Moon Knight Review

Moon Knight is finally here and oh boy is it worth the wait.

About a week ago I was lucky enough to watch the first four episodes of Moon Knight on Disney+ and I've barely been able to wait to share my thoughts on it.


Moon Knight is easily one of my favourite superheroes and if you aren't familiar with the character (like most people) check out this article before reading the review.


There have been four live action Disney+ Marvel shows to date and all of them have been pretty good. Wandavision started great but fumbled that bag a bit at the end, Loki was excellent, Falcon and The Winter Soldier was pretty solid even if it was nothing new, the same goes for Hawkeye. If nothing else Disney+ gives a platform for stories or adaptations that might not work as movies and that's exactly why Moon Knight works so well.


Moon Knight has to establish a whole new side of the Marvel universe and tell a new story about new characters within that, it's allowed to do this so well by the longer TV show format. I feel that Moon Knight would be heavily restricted by the two hours a movie would allow. It doesn't feel longer than a movie though, every episode runs at a great pace so you won't be left feeling bored or tired of the concept after a couple hours like you might with a series like Iron Fist.


Don't go in expecting a hyper-serious character study like The Batman, I think a lot of people were expecting them to be similar, but equally you shouldn't go in expecting a one-liner fest like a lot of the MCU properties. Moon Knight walks a fine line, it still manages to feel like a Marvel property but with the slightly less outlandish tone that we normally see in the DCEU properties. What I'm trying to say is that it feels completely at home in the MCU but in its own unique way. This has been a big talking point recently since director Mohamed Diab talked about it being not being "attached to the MCU" (a widely misinterpreted comment), it does feel unique and at least up to the fifth episode it doesn't try to link it to the wider universe and that's so refreshing.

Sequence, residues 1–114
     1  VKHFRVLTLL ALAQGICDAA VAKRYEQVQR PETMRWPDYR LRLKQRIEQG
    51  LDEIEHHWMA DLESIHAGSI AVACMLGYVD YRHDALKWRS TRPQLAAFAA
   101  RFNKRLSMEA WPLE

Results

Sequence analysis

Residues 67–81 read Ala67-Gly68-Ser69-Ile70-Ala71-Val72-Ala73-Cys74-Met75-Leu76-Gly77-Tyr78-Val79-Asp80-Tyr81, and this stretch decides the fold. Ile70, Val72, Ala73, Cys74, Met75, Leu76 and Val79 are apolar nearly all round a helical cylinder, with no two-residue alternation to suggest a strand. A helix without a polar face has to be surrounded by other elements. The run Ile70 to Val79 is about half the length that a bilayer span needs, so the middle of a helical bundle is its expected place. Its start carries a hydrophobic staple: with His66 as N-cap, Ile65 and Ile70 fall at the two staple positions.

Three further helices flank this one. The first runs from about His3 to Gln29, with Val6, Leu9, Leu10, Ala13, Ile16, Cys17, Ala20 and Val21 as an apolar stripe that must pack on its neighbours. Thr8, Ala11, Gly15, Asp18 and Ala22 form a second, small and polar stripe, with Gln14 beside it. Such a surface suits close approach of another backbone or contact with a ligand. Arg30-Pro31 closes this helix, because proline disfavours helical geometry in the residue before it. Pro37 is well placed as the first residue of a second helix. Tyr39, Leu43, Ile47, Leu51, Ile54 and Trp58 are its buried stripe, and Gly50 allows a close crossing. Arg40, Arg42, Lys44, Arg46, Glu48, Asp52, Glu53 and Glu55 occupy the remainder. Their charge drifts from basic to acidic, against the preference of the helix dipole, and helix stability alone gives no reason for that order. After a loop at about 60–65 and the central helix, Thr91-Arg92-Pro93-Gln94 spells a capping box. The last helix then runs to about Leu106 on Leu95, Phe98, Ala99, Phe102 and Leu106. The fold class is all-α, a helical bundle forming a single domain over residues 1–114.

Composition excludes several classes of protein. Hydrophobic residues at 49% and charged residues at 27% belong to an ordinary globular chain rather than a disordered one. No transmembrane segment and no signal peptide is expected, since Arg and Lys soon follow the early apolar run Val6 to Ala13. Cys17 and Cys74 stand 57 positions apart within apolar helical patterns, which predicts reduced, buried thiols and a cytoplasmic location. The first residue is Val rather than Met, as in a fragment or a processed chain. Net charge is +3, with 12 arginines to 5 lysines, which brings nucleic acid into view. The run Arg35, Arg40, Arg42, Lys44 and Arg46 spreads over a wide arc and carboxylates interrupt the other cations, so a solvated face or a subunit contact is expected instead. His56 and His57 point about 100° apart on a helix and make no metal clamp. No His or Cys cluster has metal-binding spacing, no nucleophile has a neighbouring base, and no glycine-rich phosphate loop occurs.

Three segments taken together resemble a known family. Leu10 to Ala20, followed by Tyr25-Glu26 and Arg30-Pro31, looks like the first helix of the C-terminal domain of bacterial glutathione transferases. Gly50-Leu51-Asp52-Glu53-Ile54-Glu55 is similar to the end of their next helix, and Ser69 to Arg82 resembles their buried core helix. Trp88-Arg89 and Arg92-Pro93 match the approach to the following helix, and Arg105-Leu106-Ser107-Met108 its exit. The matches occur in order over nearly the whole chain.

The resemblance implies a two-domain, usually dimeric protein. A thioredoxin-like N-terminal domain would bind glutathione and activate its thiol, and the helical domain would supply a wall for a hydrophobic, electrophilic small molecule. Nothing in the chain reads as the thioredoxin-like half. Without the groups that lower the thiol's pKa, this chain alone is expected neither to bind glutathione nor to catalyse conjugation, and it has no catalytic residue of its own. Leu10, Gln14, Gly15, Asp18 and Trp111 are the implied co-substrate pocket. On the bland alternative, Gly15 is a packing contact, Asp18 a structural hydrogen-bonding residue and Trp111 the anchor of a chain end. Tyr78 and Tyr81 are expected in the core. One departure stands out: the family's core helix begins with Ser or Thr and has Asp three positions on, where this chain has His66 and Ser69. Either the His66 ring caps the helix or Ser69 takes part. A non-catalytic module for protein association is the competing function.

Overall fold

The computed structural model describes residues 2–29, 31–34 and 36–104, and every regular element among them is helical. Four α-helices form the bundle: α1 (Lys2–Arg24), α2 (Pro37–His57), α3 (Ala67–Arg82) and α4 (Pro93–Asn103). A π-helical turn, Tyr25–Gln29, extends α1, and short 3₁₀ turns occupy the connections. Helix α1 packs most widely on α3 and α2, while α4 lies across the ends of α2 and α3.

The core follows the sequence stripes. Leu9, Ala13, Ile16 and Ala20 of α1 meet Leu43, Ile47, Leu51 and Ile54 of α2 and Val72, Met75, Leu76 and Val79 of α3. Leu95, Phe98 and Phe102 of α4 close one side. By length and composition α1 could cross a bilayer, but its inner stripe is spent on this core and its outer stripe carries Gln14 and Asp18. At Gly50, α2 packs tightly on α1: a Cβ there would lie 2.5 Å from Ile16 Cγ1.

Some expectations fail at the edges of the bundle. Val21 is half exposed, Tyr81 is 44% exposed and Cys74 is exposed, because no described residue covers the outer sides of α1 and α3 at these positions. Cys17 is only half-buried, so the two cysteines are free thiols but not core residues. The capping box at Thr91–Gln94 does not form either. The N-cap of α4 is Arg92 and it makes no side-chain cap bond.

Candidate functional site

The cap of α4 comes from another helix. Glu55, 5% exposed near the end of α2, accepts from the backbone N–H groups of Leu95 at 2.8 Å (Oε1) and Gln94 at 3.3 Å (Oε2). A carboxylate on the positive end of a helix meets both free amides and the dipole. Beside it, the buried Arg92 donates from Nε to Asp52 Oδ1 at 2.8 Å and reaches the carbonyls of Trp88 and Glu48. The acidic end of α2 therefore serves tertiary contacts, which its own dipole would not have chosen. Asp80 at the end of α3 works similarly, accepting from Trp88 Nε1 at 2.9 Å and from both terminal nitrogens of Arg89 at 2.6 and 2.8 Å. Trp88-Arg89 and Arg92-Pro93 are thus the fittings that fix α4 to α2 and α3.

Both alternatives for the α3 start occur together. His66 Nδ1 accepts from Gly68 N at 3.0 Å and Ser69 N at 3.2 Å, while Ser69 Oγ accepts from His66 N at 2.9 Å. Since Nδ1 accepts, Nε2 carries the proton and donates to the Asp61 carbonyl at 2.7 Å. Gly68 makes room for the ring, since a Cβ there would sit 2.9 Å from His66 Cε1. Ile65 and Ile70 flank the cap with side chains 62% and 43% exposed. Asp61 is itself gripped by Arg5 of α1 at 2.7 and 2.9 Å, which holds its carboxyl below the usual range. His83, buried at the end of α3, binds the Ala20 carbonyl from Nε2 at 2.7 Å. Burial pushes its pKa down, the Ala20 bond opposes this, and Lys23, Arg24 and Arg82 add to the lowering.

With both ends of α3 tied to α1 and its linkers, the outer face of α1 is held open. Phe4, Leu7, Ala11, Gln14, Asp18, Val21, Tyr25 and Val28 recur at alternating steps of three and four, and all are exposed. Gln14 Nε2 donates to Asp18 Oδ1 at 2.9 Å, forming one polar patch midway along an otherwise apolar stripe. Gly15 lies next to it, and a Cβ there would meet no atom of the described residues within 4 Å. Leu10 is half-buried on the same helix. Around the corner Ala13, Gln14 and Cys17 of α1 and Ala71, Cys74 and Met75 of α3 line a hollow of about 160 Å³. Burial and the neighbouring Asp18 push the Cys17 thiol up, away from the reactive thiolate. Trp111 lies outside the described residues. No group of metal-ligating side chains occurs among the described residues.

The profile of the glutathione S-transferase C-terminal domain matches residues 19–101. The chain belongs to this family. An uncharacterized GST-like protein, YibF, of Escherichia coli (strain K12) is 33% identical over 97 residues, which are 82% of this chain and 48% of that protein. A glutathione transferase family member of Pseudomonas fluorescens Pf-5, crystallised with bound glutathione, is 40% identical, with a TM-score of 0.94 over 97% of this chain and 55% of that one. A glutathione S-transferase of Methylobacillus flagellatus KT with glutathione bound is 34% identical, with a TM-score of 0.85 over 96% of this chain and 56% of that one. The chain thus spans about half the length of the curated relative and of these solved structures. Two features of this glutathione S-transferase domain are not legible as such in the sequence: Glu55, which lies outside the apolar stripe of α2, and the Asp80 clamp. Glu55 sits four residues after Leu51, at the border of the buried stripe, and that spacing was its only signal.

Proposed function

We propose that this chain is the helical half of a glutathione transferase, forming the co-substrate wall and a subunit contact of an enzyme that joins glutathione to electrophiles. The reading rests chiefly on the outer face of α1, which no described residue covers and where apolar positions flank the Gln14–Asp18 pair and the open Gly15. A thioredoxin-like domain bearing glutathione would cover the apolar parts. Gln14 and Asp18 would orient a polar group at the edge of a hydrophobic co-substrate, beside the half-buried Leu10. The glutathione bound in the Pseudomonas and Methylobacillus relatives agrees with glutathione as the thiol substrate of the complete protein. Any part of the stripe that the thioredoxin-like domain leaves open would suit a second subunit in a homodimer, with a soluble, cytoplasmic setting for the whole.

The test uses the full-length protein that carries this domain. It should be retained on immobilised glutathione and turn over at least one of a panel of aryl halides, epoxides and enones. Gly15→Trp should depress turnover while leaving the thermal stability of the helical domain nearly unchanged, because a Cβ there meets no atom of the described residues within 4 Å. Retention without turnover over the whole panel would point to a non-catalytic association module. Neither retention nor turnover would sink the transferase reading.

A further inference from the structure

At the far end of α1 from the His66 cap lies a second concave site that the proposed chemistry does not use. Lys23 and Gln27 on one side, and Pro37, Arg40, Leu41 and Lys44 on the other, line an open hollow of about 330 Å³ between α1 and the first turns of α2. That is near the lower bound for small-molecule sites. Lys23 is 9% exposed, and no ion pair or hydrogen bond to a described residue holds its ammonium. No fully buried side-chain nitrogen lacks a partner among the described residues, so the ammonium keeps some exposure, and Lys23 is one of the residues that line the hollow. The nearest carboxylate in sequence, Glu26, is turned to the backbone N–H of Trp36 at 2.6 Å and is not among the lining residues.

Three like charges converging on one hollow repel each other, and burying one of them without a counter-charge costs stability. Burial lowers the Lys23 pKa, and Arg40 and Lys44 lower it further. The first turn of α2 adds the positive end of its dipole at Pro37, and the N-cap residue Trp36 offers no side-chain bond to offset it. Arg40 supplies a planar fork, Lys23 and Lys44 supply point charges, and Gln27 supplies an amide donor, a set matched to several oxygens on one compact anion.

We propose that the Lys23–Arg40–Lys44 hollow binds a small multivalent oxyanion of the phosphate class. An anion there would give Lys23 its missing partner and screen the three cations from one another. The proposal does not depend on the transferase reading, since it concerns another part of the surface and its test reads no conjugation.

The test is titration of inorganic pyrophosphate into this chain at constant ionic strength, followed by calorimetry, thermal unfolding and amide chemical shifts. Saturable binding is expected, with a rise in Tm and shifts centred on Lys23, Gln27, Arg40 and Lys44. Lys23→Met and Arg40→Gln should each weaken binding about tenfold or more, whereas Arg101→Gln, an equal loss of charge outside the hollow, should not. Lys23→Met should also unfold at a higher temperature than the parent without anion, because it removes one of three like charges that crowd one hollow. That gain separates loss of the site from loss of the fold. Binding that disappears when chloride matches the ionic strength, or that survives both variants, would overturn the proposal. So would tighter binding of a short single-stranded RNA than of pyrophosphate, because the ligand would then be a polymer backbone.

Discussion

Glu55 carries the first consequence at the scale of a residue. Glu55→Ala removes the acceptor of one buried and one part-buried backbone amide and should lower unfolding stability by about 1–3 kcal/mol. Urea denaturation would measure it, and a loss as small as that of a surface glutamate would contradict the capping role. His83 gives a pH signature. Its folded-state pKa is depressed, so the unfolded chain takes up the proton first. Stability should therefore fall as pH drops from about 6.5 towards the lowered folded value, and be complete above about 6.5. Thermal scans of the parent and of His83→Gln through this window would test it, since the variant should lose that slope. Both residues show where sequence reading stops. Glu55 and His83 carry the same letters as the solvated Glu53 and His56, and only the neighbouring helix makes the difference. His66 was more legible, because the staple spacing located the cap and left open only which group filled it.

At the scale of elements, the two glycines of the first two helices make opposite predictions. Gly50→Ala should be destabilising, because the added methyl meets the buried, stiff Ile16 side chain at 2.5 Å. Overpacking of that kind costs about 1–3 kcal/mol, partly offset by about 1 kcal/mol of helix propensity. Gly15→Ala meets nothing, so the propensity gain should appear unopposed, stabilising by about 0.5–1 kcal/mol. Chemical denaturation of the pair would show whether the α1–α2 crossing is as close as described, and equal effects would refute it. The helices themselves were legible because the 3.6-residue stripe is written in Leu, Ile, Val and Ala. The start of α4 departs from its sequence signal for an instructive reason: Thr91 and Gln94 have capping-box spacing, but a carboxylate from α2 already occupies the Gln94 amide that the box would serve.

Is it any good though? The simple answer to that is yes. I loved every episode of Moon Knight. The performances are great, the story is strong, the set design and script are both great too.


Oscar Isaac puts in maybe the best MCU performance we've seen yet, the way he switches from Steven Grant to Marc Spector to Moon Knight to Mr Knight and at one point Khonshu is so effortlessly done and he nails every character. In fact his British accent is pretty solid too, even if it's a little bit corny. The amount of talent it takes to play five different characters who all look the same while still making it convincing is crazy, I would even go as far as to say that Oscar Isaac's performance is on a par with James McAvoy's performance in Split.


Ethan Hawke puts in a pretty solid shift as Arthur Harrow too, I'm not going to sit here and pretend that he's on a level with Willem Dafoe as the Green Goblin or Josh Brolin as Thanos but he's definitely better than the majority of the MCU villains so far. His motives make sense (even if I'm a bit tired of this whole push for "relatable" villains), his power set is interesting, and his backstory is compelling. I can't say too much about Harrow without spoiling it but what I will say is that he's definitely one of the strongest elements of the show.


Suit design is amazing but I'm not really going to go into that, you can see that for yourself already but what I will say is that I love the way they integrate the Moon Knight and Mr Knight suits and characters into the show. There are some great scenes that really show just how powerful the suit is, particularly in episode three when Marc Spector finds himself fighting a group of jousters (that will make no sense but I can't and won't give anymore context or details but you'll see what I mean when you watch it).